Synthetic advisory elements demonstrated

April 3, 2014

SATAS demonstration shows targets detected with aerial radar.

Technologies associated with a synthetic air traffic advisory system (SATAS) currently being developed were demonstrated at Lakeland Linder Regional Airport during the Sun ’n Fun International Fly-In and Expo in Florida.

“SATAS is a concept for using off-the-shelf technology to provide detailed surveillance of the airspace surrounding the airport, and enhance the situational awareness for aircraft operators,” explained Dave Byers, SATAS program manager. Byers is a college professor and airport consultant who has helped local officials at a number of airports to obtain control towers. “The ultimate goal of SATAS is to provide automated air traffic advisories and alerts to prevent midair collisions, and to avoid unsafe runway conditions, to pilots operating on and around airports in a non-ATC environment.”

One of the project’s first major demonstrations took place in Beckley, W.Va., during October 2013. The airport is the only one in the state with commercial service that does not have a control tower.  

The primary commercial off-the-shelf technologies being demonstrated at Lakeland are SRI’s W-band airfield radar and visual surveillance system, and DeTect’s S-band airspace surveillance radar system.

SRI—which stands for security radar integrators—offers an airfield radar system with an integrated video monitoring system that provides around-the-clock automated, all-weather airfield monitoring. Airports use the system to prevent runway incursions and incidents, perimeter intrusion detecting and tracking, record airfield activity, and even to enforce motor vehicle operating regulations on the airfield. The system prioritizes activity within the range of the radar, and a color video and thermal imaging system records the highest-priority activity for real-time or later analysis.

SATAS test shows images on surface radar.

The ground-focused SRI system can be quickly programmed to learn runway and ramp areas, said Daniel Flynn, the company’s president. “You can prioritize the behavior that’s going on out on the airfield,” he said. The “track zone” is everything the radar can see. “If there’s something moving in the track zone, you can program it to just follow that with the camera.”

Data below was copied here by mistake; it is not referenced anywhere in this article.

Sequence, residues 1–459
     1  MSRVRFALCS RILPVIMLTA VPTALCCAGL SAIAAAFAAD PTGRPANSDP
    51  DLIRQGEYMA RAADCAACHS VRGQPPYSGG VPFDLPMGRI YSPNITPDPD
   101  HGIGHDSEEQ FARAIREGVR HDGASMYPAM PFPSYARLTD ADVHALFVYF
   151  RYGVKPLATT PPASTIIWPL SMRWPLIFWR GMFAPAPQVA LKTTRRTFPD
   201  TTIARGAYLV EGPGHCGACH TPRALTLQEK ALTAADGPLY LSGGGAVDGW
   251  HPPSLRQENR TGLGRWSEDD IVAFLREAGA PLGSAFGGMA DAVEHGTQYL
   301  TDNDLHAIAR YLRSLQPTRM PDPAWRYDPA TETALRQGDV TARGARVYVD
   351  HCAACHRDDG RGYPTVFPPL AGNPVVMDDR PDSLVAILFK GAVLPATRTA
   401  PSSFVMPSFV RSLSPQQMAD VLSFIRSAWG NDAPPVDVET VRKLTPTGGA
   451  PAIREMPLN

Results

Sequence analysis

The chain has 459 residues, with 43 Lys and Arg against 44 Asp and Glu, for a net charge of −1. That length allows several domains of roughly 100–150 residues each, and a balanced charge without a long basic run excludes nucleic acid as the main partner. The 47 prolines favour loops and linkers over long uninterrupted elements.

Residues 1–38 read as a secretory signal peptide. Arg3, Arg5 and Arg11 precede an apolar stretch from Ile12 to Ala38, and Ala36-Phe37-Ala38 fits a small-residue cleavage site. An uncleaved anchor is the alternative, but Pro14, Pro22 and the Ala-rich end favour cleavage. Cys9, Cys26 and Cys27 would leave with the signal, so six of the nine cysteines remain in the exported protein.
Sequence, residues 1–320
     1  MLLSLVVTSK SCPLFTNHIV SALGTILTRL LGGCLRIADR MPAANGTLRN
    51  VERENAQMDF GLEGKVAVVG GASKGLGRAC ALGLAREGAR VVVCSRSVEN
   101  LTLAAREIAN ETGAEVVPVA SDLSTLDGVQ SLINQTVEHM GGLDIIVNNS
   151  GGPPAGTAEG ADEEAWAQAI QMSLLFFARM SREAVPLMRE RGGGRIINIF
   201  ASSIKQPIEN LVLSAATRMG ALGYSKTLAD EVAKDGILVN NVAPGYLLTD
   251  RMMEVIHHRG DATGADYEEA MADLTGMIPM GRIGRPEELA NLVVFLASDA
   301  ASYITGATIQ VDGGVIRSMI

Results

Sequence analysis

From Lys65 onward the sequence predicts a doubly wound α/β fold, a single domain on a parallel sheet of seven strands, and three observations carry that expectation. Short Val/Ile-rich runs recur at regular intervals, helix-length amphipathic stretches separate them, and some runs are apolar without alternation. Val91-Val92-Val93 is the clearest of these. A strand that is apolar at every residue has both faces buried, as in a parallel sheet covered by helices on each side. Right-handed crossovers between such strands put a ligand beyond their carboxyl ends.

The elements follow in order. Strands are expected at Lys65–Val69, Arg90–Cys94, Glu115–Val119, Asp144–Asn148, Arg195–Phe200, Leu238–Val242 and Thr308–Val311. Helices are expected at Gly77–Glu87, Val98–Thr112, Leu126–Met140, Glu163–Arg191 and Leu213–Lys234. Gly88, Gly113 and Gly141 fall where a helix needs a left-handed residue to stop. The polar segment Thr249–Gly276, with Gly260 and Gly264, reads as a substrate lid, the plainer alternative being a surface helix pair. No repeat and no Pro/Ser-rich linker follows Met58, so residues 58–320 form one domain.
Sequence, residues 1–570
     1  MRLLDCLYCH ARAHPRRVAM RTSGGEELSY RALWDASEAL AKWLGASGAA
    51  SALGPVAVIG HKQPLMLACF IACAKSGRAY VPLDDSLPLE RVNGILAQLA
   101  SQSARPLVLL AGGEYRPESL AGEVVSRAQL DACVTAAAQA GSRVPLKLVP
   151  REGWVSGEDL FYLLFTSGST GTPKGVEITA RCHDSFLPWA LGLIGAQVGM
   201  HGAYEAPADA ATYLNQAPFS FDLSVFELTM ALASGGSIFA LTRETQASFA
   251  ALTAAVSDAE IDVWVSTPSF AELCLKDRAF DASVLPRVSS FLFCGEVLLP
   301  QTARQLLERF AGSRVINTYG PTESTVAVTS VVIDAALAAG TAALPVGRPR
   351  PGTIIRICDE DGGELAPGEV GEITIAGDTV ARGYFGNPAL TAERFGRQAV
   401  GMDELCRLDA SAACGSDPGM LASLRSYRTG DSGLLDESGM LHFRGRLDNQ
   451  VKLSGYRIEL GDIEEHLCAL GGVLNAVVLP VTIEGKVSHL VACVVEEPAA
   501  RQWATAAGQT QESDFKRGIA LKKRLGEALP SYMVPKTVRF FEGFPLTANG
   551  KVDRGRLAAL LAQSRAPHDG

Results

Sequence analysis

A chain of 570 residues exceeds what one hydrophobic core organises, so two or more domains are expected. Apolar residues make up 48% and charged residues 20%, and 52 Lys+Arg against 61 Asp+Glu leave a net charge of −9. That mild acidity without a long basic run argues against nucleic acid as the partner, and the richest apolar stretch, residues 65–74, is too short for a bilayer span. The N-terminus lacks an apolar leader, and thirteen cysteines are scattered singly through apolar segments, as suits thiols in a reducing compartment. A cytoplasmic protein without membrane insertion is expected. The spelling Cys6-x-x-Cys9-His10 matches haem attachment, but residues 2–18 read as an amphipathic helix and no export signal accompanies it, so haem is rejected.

Runways get a medium priority, and often you’re looking for something that stops on a runway—so that an alert can be issued for a possibly obstructed runway. Airports also can use the system to enforce speed rules for motor vehicles, or to monitor compliance with airport rules requiring vehicles to wait for gates to close behind them after they’ve passed thorough. “We think there’s a way to allow airports to do surveillance without the expense of multiple cameras or patrols,” Flynn explained.

The air above the airport is monitored by DeTect’s Harrier solid-state airspace surveillance radar, which has its roots in bird monitoring and tracking. “In this system we’re basically running primary radar, getting returns from any aircraft in the area,” said Tim West of DeTect. The raw returns undergo Doppler processing and is fed to a Sequel database, which then provides track data used on the display. The radar can use algorithms to classify targets from large, high-performance airplanes to slower, smaller airplanes to birds.

“We’ve gone from what was a 30-kilowatt radar to a 200-watt radar, and we’re getting better performance, detection-wise,” West said. The technology is used to monitor wind farms for excessive bird activity, and to control obstruction lights mounted on power transmission towers and wind turbines in wilderness areas—turning them on when an aircraft approaches and off after it has passed.

“Now we’re in the concept development stage, proving that the COTS equipment works,” Flynn explained. A next step will be to integrate the two systems, combining data from the ground-emphasizing surveillance radar and the upward-focused DeTect radar, providing one seamless, zoomable display image—currently, each product’s imagery is displayed on separate screens.

“We’re showing the hard part—synthesizing the data from the two radars and automating decisions from it,” he added. “The easy part is going to be sending those decisions up to the pilot so he can do something about it.”

The ground radar easily picked up moving vehicles on the Sun ’n Fun grounds across the airport, more than 1,100 meters away—and triggered an alert because an aircraft marshaller standing beside the runway was identified by the system. The airspace surveillance radar accurately identified aircraft flying approaches and departures, or holding near the airport—but it did have a little trouble during the airshow, attempting to process aerobatic demonstrations when the airplanes were climbing quickly, descending rapidly, performing loops, and executing abrupt course reversals.

Mike Collins

Mike Collins | Technical Editor, AOPA

Mike Collins has worked for AOPA’s media network since 1994. He holds a private pilot certificate with an instrument rating.